The property market slowdown has taken its toll on confidence in the sector and the outlook for prices.
ASB Bank's quarterly survey of housing confidence shows sentiment was mixed, with fewer people expecting house prices to rise but more thinking it was a good time to buy.
A net 16 percent said they expected prices to rise in the coming year, the lowest level in six and a half years. That compared with 17 percent in the previous survey in October, and 32 percent a year ago.
The number who thought it was a bad time to buy a house also dropped. A net 7 percent said it was not a good time to buy a house compared with 11 percent pessimism level in October.
ASB chief economist Nick Tuffley said the mixed result was partly driven by Auckland's softer house prices.
"Price expectations have fallen to an eight-year low in Auckland as we continue to see the Reserve Bank of New Zealand's speed limits taking effect."
The number of Aucklanders thinking it was a good time to buy a house was at the highest level in five years.
Mr Tuffley said there was a clear geographic divide in sentiment.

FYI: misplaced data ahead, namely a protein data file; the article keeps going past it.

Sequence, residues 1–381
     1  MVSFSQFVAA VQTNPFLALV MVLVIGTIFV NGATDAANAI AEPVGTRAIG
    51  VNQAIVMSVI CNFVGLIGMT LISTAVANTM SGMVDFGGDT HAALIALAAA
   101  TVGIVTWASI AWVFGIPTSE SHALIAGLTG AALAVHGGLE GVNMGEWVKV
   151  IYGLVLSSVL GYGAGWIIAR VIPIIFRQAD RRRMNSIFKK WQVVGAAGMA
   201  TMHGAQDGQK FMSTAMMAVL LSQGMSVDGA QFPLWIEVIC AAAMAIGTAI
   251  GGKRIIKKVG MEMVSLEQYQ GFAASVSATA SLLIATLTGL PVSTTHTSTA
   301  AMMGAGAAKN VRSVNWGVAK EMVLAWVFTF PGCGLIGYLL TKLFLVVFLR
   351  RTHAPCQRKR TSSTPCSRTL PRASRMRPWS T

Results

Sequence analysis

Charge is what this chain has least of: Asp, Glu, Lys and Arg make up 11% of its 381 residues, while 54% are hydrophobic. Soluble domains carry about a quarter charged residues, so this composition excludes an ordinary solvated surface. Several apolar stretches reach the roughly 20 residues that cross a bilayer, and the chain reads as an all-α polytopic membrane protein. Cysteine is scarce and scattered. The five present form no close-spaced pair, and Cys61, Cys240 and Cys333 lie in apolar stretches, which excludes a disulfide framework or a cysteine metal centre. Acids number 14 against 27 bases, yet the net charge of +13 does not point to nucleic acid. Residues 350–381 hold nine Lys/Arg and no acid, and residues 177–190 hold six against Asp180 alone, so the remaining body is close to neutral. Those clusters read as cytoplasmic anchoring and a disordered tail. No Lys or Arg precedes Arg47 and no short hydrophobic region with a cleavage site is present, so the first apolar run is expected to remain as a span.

South Islanders were more positive about the outlook for prices, while price expectations continued to ease in the North Island.
Expectations of interest rate rises also decreased, with just a third expecting higher rates in the latest survey from just over a third in the previous survey. The Reserve Bank of New Zealand this month indicated it expected to hold to official cash rate at least until late 2019.
Several retail banks have recently cut their short term fixed rate loans because of the prospect of no RBNZ rate rises in the foreseeable future.
Mr Tuffley said upcoming housing policy changes might weigh on sentiment.
"There is a degree of uncertainty around the potential impact of policy changes so investors and home owners are likely to remain cautious and not rush into any major decisions," he said.
"The market will continue to be constrained by population growth and low housing supply for some time."